Legal sector news
Is private practice pay now high enough to lure back GCs?
A London associate pay war is being waged this summer, with Jones Day raising its NQ rate to £140,000 days after Norton Rose Fulbright (NRF) announced an NQ salary raise to £105,000. Jones Day has thereby surpassed even the highest-paying UK firms – Magic Circle duo Clifford Chance and Freshfields Bruckhaus Deringer – which both offer £125,000. This continues a trend begun in April when Slaughter and May increased associate pay by up to 20 per cent and Weil Gotshal & Manges increased its pay by £5,000 to £150,000.
So how do GCs view these eye-watering salaries? Aside from paying their bills, does it make them question their own decision to go in-house? The temptations seem obvious – as one London-based in-house legal recruiter put it, “If a 24-year-old kid is earning more than you, why wouldn’t you move back to private practice?” And given the fact that partner pay has also significantly increased across many major firms in recent years, GCs can be forgiven for being tempted to jump back across.
And some have already done so, including Geoff Bailhache, Blackstone’s former Europe, Middle East and Africa general counsel, who moved to Simpson Thacher & Bartlett in 2021, and Telefónica UK’s former general counsel, Ed Smith, who joined Shoosmiths. Other notable departures include HSBC’s M&A head, who joined Norton Rose Fulbright as a consultant, and Gayathri Kamalanathan, former head of group litigation and enforcement at Danske Bank, who is now with Slaughter and May.
What holds some GCs back from returning to private practice is the perception that working conditions are gruelling, with long hours and relentless pressure apparently making any kind of work-life balance a distant dream. However, recent updates to law firms’ remote-working policies in recognition of the importance of family life, and the relative difficulty in getting an uplift in pay when working in-house, mean that the temptation of private practice remains. And it’s not as if GCs working in-house have it easy, especially in the wake of the pandemic. As one asset management GC put it, “If your function has been in crisis mode, you’ve been working long hours anyway. So what’s the difference? Some GCs are probably thinking they may as well double their pay and go back to private practice.”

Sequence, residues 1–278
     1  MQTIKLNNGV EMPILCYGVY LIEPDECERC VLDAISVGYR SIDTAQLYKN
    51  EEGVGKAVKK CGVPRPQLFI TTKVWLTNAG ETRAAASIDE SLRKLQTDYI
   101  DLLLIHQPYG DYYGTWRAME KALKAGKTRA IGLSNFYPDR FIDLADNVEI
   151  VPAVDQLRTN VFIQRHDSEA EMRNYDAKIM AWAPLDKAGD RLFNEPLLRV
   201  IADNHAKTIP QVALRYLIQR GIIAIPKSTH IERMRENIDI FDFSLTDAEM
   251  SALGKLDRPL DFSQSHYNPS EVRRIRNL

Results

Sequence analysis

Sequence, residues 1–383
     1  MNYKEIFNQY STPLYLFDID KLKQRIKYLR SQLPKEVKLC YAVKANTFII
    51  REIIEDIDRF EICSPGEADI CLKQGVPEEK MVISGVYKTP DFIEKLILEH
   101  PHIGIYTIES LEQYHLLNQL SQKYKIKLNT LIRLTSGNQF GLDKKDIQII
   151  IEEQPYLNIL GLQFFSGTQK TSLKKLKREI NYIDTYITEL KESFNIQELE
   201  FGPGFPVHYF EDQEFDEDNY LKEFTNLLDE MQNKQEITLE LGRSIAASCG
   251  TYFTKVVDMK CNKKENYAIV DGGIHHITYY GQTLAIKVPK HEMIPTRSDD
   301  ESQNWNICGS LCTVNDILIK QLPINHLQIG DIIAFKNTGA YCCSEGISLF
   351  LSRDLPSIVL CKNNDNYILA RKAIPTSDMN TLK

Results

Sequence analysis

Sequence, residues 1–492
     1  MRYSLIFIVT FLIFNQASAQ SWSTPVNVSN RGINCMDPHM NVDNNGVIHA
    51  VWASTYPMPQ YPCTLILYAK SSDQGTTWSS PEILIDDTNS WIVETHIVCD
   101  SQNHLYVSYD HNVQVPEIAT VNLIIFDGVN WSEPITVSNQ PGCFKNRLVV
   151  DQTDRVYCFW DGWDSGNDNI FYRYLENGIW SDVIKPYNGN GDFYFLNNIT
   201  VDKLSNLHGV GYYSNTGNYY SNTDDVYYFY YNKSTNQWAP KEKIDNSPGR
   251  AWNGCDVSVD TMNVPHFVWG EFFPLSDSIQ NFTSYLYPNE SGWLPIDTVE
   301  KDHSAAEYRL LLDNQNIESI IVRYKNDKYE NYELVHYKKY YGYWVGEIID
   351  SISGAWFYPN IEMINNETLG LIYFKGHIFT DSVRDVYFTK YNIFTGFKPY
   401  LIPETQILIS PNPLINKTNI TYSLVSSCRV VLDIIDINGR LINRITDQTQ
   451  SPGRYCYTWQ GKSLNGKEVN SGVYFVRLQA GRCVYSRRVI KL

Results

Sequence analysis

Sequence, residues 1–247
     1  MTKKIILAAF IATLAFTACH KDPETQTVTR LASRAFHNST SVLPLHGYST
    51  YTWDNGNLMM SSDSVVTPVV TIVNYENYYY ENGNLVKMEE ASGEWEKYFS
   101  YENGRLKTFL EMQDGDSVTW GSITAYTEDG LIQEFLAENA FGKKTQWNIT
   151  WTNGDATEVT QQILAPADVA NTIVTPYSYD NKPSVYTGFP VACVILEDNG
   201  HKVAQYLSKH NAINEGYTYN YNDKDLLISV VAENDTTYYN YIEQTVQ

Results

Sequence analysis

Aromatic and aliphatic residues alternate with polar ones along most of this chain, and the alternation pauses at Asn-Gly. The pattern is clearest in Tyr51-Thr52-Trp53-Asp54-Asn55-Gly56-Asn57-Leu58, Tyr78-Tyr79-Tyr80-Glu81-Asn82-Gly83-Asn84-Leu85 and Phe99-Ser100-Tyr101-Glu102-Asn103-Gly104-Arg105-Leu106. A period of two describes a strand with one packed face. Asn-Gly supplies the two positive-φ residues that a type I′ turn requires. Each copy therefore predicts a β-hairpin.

One word of caution from our end: you’ll need to re-deploy those internal networking skills you’ve developed into business-winning skills. If you do make the decision to go back in, then please get your firm to pay for you to get some BD training and support as part of your package.
Bexley Beaumont appointed as a parliamentary agent
Congrats to Bexley Beaumont, which is the youngest law firm to be added to the exclusive list of approved parliamentary agents. Launched a mere two years ago, it is now one of just seven firms within the UK permitted to promote or oppose private legislation in the House of Commons or the House of Lords.
The promotion of private bills in the two chambers is highly specialised work that plays a crucial role in Great Britain’s democracy, enabling communities, local authorities and other interest groups to be involved in shaping the laws which govern the country.
Does The Lawyer have it in for CMS?
I’m a huge advocate for a strong working relationship with the legal press because they are the only journalists paid to write about your firm every day.
Years ago, when I was working at CMS, all the partners used to think that the legal magazines had it in for them. To be fair, most partners feel this at most firms. More often than not, it’s not true, it just feels personal when the spotlight is on your firm.